Beretta 950

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Beretta 950
Beretta 950 Jetfire and 8-round magazine
Place of originItaly
United States
Production history
Length120 mm (4.7 in)
Width23 mm (0.9 in)
Height87 mm (3.4 in)

Cartridge.25 ACP, .22 Short
Caliber6.35mm, 5.6mm

The Beretta 950 is a semi-automatic pistol designed and manufactured by Beretta since 1952. It builds on a long line of small and compact pocket pistols manufactured by Beretta for self-defense. It was intended to be a very simple and reliable pocket pistol.[1]


The Beretta 950 is a simple blowback pistol with a single action trigger mechanism and tip-up barrel. The frame is made out of aluminum alloy, the slide and barrel are carbon steel.[2]

Early models (*950* and *950B* Pre-1968) do not have a safety lever, employing an inertial firing pin for safe hammer-down carry instead (the half cock notch is not for carry and could cause the gun to fire if dropped on the hammer). Later models (*950BS* Post-1968) are provided with an external safety lever.[2][3]

Intended market[edit]

The Beretta 950 Jetfire chambered in .25 ACP is a backup, self-defense pistol that is intended for undercover agents, police officers or individuals licensed to carry a concealed firearm for self-defense. The Minx version in .22 Short is not advised for such a role due to the caliber.[2]


Being light weight, low profile and easily concealable makes it ideal for concealed carry. The tip-up barrel makes it easy to make safe and at the same time, easy to make ready to fire, and being chambered in .25 ACP means it is more reliable than similar pocket pistols chambered in .22 LR.


The .25 ACP round allows it to be a very compact, lightweight gun, but the cartridge is relatively short ranged and low powered, putting it in the same class as the .22 LR rimfire cartridge. The accuracy of the pistol is adequate, but the small grip and short sight radius may limit some shooters to being effective only at short ranges.[2]

Users being timid about recoil can make it prone to bite (the slide can cut the top of the shooter's hand when fired) due to them holding the firearm too tightly . As the pistol lacks a shell extractor, relying instead on blowback pressure to clear the shells, misfires are removed manually by tipping up the barrel and pulling the shell out. although that can also be seen as an advantage rather than a limitation.[2]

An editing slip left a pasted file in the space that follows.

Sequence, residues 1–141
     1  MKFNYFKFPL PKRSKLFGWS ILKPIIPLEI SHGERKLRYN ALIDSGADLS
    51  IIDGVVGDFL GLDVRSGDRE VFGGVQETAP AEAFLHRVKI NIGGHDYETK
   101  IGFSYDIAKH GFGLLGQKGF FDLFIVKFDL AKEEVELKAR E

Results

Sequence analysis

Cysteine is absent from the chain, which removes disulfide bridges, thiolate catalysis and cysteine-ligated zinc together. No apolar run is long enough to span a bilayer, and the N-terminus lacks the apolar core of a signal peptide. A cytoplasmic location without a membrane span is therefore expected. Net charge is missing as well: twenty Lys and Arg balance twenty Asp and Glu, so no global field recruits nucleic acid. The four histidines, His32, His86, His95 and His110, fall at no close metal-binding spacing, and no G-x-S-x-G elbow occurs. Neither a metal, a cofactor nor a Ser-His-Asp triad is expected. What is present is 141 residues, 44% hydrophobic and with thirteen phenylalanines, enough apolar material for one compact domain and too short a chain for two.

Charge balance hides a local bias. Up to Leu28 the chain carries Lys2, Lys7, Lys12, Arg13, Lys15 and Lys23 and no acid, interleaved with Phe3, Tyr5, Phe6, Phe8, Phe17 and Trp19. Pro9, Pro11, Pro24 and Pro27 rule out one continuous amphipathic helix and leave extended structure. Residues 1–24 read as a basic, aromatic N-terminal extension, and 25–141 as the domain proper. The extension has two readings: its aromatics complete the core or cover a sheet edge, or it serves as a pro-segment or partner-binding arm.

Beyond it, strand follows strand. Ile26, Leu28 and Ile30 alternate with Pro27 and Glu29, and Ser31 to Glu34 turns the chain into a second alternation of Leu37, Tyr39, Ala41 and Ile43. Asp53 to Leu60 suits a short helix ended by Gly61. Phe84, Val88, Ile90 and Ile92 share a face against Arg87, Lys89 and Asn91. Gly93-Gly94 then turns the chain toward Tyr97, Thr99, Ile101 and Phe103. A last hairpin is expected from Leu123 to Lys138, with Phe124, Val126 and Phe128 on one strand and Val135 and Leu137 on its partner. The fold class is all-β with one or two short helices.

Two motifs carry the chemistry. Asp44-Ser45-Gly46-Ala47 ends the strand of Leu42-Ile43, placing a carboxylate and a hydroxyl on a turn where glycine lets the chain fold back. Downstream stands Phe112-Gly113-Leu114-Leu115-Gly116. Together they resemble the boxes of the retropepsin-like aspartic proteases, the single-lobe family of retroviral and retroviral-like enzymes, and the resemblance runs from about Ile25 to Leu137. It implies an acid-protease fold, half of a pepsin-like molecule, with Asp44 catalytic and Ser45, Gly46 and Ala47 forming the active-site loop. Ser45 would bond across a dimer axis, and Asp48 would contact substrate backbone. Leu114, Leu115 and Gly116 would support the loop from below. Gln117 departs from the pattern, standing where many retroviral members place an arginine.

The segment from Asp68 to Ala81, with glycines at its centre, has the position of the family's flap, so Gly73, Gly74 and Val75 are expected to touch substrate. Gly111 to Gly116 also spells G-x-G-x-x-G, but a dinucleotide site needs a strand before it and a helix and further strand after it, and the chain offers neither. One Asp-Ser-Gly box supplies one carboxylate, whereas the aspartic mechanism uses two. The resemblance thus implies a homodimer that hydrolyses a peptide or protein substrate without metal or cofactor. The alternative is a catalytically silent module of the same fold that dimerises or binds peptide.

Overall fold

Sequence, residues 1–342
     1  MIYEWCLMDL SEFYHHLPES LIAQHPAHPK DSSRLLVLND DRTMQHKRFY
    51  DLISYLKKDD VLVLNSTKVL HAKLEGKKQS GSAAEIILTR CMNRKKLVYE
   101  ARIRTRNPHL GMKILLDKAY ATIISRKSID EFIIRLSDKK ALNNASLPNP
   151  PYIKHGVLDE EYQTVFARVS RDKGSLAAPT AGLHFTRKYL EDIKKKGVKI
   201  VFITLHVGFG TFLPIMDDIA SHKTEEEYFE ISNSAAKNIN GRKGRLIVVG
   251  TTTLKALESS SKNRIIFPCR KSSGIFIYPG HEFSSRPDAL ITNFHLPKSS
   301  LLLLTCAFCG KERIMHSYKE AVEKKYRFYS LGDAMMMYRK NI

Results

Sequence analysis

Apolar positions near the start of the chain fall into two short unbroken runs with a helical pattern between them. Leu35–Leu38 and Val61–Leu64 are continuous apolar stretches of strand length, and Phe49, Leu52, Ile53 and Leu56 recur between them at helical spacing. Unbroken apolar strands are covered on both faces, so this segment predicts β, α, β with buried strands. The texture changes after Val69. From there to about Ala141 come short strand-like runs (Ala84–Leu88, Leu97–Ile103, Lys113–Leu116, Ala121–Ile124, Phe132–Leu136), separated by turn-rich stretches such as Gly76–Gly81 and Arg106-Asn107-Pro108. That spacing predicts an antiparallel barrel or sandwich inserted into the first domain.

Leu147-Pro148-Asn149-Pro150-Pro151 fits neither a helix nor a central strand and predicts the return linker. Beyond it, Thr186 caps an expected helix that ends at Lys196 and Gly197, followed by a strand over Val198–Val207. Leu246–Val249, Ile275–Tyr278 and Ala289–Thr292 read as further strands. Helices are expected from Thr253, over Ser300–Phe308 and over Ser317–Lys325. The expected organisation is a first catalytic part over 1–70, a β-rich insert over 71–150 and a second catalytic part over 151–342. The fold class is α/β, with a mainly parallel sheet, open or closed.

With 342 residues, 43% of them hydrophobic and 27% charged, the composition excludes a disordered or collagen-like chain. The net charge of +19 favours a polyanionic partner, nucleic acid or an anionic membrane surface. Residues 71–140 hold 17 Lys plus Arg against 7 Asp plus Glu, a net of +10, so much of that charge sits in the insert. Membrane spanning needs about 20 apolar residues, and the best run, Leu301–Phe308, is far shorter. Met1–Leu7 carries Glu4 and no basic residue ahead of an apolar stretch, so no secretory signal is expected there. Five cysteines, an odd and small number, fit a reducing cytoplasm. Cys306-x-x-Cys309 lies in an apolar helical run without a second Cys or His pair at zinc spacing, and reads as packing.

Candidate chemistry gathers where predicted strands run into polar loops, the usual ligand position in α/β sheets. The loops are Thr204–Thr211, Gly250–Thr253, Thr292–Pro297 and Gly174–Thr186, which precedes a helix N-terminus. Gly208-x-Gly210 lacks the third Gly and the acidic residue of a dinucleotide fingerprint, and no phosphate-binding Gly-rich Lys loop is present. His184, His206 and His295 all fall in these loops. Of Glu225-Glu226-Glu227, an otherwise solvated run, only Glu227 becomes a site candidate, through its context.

Technical data[edit]

Beretta Jetfire with the tip-up barrel open
Beretta 950 BS Inox left side and field strip.
  • Type: Beretta 950 Jetfire
  • Trigger system: Single-action only
  • Caliber: .25 ACP
  • Capacity: 9 total including an 8 rounds magazine and 1 round in the tip-up barrel.
  • Frame material: Aluminium light alloy
  • Slide and barrel material: Carbon steel
  • Grip material: Plastic
  • Barrel length: 60 mm
  • Length: 120 mm
  • Height: 87 mm
  • Width: 23 mm
  • Mass: 280 g
  • Safeties: none (950B) or left-side thumb switch (950BS)
  • Magazine release: Lower left grip heel pushbutton.
  • Production years: 1952–2003.
  • Production locations: Beretta Italy (pre 1968), Beretta do Brasil (late 1960s - early 1970s), Beretta USA (1970s to 2003)

See also[edit]


  1. ^ Ahern, Jerry (5 October 2010). Gun Digest Buyer's Guide to Concealed-Carry Handguns. Iola, Wisconsin: Gun Digest Books. p. 220. ISBN 1-4402-1743-2.
  2. ^ a b c d e Ayoob, Massad (2011). Gun Digest Book of Beretta Pistols: Function, Accuracy, Performance. Iola, Wisconsin: Gun Digest Books. pp. 12–18. ISBN 1-4402-2653-9.
  3. ^ Wilson, R. L. (2008). The World of Beretta: An International Legend. Book Sales, Incorporated. p. 57. ISBN 978-0-7858-2104-5.

External links[edit]